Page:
For Two Lopez Bakers, the Island Is Part of the Recipe

Using a painstaking technique, Barn Owl Bakery is creating loaves that the locals love.

Three times a week, about 36 hours before bake time, Nathan Hodges lights the wood oven in the 200-square-foot bakehouse on Lopez Island’s Midnight’s Farm. The fire burns overnight, heating the two tons of bricks to upward of 900 degrees. Then, six hours before baking, the brick is allowed to cool. When the oven is around 700 degrees, Hodges and his wife Sage Dilts start loading the bread.

“Once we start baking, we have no way of heating the oven back up,” says Dilts, who runs Barn Owl Bakery with her husband. “So over the course of the bake, the temperature will continue to drop as the baking bread sucks heat out of the hot bricks. The last load will come out when the oven is somewhere around 500 degrees.” It’s a careful, though wild, process, with everything from fermentation to the lapping of wood fire difficult to control. The result is some of the most in-demand bread in the San Juan Islands.

Currently the minuscule baking space is just a tiny blip on the sprawling farm, which also houses the farm’s owners, pigs, cattle, a compost facility, a yoga studio, and wetlands. But there they bake 600 to 700 loaves a week in the summer, sending a quarter of their bake to restaurants, including Doe Bay Cafe and Rosario Resort on Orcas Island.

The business started small—smaller, that is. Shortly after moving to Lopez, Dilts and Hodges didn’t know they would open a bakery, or that they would even stay on the island. “We came to Lopez in 2011 when Nathan had a six-week grant opportunity to do some mapping work on the island,” Dilts says. With little to do, she started baking bread in their apartment, using techniques she learned baking in Berkeley prior to the move. There she worked with a locally renowned baker, Eduardo Morell, learning about wild leaven: allowing yeast from the area to lend its character to dough, to let it take control of the fermentation. She learned about sourcing grain—the importance of hearty, whole-grain flavor and how to temper its acidity and bite.

She baked five loaves, then 10, giving them to people on the island. One of those people told her she should take her loaves to the farmers market. “It’s not like farmers markets in urban areas, in cities,” Dilts says. “On Lopez, it’s very casual. You just show up with your stuff and pay, like, $20 to buy your spot.” Each week she increased her bake. Ten loaves became 20, then 40.

She continued to bake in the tiny oven in the couple’s small barn apartment. Then another local told her he had a wood-fired oven she could use, based on those designed by Alan Scott, a mason credited with reviving the brick-oven school of baking. Dilts knew about Scott because Morell had worked with him; they shared a vision of building ovens for skilled bakers. “The idea was that they wanted to revitalize and recreate the role of a village baker,” Dilts says. “He wanted to teach people to make bread to sustain the village, and a lot of people were very inspired by that.” Naturally Dilts said yes, and was soon baking a dozen loaves at a time.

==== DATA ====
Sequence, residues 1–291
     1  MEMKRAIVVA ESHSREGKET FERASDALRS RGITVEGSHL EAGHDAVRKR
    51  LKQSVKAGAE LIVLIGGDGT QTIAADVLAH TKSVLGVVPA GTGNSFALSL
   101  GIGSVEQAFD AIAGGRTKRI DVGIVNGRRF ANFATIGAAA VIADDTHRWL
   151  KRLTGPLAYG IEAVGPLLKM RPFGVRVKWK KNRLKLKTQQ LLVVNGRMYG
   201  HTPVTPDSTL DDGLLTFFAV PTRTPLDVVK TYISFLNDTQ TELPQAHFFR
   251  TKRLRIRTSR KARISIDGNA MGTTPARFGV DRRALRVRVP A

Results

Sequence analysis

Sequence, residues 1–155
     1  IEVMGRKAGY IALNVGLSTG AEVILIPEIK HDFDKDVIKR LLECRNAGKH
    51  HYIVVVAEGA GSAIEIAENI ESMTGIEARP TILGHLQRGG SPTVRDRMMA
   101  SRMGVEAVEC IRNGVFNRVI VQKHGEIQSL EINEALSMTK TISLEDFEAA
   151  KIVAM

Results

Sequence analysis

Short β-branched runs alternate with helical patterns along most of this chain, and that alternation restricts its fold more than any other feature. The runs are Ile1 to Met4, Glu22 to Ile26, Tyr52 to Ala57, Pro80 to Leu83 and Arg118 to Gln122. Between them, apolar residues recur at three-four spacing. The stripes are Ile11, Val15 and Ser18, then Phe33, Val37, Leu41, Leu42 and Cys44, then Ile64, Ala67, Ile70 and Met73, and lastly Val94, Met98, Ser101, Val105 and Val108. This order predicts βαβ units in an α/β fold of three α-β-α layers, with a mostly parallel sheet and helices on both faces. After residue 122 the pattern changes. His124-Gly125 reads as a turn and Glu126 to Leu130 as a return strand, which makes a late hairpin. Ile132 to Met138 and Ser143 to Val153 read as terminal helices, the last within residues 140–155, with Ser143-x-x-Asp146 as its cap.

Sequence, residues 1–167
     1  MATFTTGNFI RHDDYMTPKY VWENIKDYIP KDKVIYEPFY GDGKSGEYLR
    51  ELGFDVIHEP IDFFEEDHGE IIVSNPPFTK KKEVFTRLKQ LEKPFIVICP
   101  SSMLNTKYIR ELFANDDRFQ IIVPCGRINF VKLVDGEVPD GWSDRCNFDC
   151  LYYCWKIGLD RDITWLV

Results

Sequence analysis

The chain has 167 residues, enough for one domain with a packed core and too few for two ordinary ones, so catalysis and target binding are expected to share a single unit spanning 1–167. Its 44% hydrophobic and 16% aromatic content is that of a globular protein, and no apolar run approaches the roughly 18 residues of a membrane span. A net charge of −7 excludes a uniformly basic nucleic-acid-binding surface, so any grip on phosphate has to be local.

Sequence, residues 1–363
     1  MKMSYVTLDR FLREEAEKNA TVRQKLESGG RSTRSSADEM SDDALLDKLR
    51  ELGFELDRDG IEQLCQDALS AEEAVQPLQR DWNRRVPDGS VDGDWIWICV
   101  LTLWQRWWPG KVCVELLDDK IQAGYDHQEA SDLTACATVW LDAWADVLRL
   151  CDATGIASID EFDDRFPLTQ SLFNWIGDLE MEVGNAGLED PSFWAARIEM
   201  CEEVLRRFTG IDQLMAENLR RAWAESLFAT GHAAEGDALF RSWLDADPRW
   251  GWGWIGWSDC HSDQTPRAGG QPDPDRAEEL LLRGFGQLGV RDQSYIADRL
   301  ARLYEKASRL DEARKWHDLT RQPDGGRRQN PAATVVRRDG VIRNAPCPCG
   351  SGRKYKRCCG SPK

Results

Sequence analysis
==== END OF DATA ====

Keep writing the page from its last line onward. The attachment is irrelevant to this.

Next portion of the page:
Each week that Dilts brought bread and scones to the markets, she sold out. And each week she turned more attention to sourcing the bread as locally as possible: She found whole grain on the island, integrated island-grown fruit into the pastries she began making, and changed and adapted the starter Morell had gifted her to the Lopez environment.

“Bakers, they always talk about where they got their starter from,” Dilts explains. “I got mine from Eduardo, and he got it from a French baker he worked for. It’s this generational thing, this bloodline. But once you feed it, and it gets acclimated to your area, it’s not really the same starter anymore. They go through a lot of versions, and this one is very reliable. If ever your bread isn’t right, you go back to your starter. If your starter is weird, your bread will be weird. If it’s happy and healthy, your bread is going to be, too.”

When Dilts became pregnant with their first child, Hodges took over much of the baking responsibility. Shaping loaves at home and driving them across the island to bake became burdensome, so the couple raised money to build their current bakehouse.

Together they figured out how to grow produce and herbs for their breads. They acquired fruit from friends around Lopez. Hodges planted seed for seedstock, and they enlisted farmers around the island to grow the seed for their whole grains. Once it’s grown, they buy it back. The grain is milled on the island by Island Grist. Working without commercial yeasts, the fermentation can be a bit of its own animal, but Dilts likes it that way.

They still sell at the Lopez Farmers Market where Barn Owl Bakery began, nameless, five years ago, and they still almost always sell out their 100 to 200 loaves each week. “In the summer, we can’t keep up with how much bread people can eat,” she says. Summer brings added stresses with tourists increasing the demand for bread, both on Lopez and at the restaurants that rely on Barn Owl for their bread.

Each summer they add another hour to the bake or another bread rack, but they can only make so much. Still, Dilts and Hodges continue to stoke the fire, temper the heat, and bake the bread. They feel the burn of rising prices and limited housing on the island, but they pledge not to change their process or ingredients.

For Two Lopez Bakers, the Island Is Part of the Recipe
For Two Lopez Bakers, the Island Is Part of the Recipe
For Two Lopez Bakers, the Island Is Part of the Recipe